Teamster car haulers are voting through Sunday on whether to authorize a strike of the vehicle transport industry.

The National Master Automobile Transporters Agreement expires May 31, and contract negotiations have been under way since February. Bargaining over key changes was expected to begin this week in Washington, DC.
The union feels that employers are unfairly demanding pay cuts and other concessions, despite record profits as a strong U.S. economy continues to fuel car sales.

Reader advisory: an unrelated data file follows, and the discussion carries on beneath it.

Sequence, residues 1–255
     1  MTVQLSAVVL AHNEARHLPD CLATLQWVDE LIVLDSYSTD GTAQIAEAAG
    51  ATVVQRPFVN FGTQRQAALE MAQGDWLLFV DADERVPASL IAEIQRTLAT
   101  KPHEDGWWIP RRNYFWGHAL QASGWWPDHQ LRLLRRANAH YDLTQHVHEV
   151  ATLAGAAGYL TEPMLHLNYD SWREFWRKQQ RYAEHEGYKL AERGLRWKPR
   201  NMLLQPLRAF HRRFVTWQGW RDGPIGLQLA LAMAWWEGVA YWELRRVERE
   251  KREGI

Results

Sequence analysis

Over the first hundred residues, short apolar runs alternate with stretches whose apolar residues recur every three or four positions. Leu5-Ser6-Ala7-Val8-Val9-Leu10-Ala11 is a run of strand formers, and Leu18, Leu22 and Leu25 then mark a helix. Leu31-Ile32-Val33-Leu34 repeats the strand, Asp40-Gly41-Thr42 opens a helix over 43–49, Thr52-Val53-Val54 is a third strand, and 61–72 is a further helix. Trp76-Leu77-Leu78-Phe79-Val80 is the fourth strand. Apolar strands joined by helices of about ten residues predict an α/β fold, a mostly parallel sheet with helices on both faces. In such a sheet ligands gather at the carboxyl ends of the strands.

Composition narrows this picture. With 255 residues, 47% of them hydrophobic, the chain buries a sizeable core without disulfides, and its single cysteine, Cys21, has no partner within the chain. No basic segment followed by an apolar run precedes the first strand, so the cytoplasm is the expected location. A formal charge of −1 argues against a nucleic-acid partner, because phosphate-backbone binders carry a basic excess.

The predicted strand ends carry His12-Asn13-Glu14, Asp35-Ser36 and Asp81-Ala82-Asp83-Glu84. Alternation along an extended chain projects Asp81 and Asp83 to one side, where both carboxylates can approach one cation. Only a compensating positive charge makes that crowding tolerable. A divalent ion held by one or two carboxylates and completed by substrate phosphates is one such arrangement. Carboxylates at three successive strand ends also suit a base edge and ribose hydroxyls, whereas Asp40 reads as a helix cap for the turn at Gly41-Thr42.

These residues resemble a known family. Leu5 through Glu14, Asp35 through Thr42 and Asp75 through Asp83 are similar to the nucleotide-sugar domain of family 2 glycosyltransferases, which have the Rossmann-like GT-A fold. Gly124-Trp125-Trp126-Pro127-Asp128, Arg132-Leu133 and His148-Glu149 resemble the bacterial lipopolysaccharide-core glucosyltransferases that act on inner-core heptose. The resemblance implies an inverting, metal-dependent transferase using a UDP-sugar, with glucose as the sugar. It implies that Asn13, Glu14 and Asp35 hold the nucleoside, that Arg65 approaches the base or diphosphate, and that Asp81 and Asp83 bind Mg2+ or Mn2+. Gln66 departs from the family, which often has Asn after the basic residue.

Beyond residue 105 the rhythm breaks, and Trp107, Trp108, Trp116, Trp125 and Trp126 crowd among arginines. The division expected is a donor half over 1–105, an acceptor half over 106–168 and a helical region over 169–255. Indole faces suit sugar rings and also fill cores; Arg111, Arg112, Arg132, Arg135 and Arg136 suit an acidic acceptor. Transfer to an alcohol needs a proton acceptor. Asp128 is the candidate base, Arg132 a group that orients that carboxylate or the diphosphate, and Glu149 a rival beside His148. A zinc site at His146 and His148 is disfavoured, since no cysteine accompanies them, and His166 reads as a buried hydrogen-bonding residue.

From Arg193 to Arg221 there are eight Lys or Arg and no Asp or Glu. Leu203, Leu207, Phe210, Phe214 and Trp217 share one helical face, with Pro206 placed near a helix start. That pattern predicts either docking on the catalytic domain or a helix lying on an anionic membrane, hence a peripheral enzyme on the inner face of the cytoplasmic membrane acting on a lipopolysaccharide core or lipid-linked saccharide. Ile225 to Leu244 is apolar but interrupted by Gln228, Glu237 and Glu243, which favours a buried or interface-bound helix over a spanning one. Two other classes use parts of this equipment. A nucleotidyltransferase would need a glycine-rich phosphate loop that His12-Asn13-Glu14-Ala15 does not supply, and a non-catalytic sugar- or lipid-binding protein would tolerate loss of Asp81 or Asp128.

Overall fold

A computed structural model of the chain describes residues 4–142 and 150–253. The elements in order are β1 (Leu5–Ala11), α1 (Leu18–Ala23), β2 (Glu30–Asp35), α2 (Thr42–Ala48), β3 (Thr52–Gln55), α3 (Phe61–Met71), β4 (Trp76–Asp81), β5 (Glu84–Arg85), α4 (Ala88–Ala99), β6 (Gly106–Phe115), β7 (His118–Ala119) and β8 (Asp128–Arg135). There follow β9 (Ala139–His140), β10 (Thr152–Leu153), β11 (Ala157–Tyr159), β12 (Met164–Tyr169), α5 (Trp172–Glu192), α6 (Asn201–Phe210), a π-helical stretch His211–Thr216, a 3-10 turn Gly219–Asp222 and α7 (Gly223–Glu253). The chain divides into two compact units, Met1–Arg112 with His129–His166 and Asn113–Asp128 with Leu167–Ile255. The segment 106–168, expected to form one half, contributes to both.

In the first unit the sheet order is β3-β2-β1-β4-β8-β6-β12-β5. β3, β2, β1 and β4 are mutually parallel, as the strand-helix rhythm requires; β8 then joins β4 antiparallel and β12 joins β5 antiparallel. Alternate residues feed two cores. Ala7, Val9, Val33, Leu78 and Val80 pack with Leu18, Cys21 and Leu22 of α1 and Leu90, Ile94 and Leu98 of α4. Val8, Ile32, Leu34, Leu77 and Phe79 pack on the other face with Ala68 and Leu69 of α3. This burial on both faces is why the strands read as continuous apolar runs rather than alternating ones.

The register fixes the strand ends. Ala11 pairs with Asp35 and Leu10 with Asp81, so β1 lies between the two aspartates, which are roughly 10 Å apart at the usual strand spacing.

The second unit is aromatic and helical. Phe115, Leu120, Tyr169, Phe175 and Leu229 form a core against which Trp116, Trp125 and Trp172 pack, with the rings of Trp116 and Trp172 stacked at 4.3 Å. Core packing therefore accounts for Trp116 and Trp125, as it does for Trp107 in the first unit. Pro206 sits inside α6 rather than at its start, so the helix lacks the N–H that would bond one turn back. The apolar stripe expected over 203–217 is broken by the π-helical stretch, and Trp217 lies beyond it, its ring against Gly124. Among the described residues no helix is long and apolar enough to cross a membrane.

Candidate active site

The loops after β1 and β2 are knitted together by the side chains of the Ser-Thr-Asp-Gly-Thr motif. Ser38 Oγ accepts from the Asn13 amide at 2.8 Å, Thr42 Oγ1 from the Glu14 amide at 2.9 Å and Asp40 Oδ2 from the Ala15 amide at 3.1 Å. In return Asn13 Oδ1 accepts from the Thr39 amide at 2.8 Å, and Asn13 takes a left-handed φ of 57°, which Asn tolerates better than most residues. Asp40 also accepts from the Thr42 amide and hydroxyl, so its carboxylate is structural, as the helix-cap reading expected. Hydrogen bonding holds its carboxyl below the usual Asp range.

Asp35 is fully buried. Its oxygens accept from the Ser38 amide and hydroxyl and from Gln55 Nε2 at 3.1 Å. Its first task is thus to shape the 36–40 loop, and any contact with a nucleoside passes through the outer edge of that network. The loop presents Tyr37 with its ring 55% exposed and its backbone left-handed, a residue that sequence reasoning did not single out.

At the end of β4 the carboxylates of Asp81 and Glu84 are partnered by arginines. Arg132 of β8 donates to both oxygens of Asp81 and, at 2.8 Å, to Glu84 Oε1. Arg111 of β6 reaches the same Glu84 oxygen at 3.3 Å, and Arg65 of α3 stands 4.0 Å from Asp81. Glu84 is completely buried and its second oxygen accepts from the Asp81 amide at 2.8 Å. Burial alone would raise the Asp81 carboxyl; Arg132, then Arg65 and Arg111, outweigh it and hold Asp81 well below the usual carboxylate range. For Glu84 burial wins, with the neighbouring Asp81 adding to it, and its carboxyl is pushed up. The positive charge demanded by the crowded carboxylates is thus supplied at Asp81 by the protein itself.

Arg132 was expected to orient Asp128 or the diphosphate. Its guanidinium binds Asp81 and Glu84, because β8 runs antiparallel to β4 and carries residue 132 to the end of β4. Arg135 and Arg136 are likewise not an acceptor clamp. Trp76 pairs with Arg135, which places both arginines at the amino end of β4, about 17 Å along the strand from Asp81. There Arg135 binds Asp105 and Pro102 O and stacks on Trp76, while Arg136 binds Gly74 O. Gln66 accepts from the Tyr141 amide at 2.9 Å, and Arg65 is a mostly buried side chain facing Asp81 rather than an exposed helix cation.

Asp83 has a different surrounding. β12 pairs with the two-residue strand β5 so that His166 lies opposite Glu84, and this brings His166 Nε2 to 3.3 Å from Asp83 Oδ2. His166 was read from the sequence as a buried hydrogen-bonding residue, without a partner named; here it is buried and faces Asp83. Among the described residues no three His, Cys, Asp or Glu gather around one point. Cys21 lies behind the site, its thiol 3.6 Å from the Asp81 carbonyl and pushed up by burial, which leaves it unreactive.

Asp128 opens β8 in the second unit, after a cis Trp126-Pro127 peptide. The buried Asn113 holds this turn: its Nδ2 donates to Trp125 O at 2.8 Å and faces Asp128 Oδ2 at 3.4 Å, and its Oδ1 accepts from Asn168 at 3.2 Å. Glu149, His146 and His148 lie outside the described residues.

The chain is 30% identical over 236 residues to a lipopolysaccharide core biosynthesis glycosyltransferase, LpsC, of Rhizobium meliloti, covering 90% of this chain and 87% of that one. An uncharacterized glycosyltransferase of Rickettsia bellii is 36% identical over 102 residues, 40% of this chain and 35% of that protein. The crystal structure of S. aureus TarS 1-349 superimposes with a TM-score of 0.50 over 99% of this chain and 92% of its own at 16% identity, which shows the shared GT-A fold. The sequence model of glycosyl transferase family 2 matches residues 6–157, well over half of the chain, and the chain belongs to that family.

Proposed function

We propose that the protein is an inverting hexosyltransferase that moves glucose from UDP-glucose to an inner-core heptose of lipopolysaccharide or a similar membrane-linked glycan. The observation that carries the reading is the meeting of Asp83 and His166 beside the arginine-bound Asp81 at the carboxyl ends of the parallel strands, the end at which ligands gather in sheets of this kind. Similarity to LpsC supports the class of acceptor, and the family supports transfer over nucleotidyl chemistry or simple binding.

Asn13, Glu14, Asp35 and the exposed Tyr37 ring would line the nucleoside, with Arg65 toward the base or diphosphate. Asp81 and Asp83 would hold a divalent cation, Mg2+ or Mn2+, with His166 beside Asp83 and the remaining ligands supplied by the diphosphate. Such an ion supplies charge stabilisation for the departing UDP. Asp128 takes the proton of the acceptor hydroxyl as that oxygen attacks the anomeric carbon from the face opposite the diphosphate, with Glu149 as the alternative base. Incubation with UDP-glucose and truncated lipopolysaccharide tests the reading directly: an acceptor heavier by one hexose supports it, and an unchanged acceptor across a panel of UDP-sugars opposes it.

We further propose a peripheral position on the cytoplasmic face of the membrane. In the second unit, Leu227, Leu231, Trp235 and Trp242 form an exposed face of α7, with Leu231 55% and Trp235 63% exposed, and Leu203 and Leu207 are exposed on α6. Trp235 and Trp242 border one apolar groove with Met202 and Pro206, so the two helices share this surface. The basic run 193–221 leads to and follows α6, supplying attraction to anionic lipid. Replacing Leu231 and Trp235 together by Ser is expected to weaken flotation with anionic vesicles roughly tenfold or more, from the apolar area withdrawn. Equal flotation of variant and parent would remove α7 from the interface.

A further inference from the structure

"Management is demanding that these hard-working men and women receive less for doing one of the most difficult jobs in the transportation industry," said Teamsters President James Hoffa. "As profits continue to soar, the rank-and-file workers are viewed as a mere commodity by the big-dollar bosses."
Teamster drivers deliver about 95% of new vehicles and work under a contract covering 17 companies.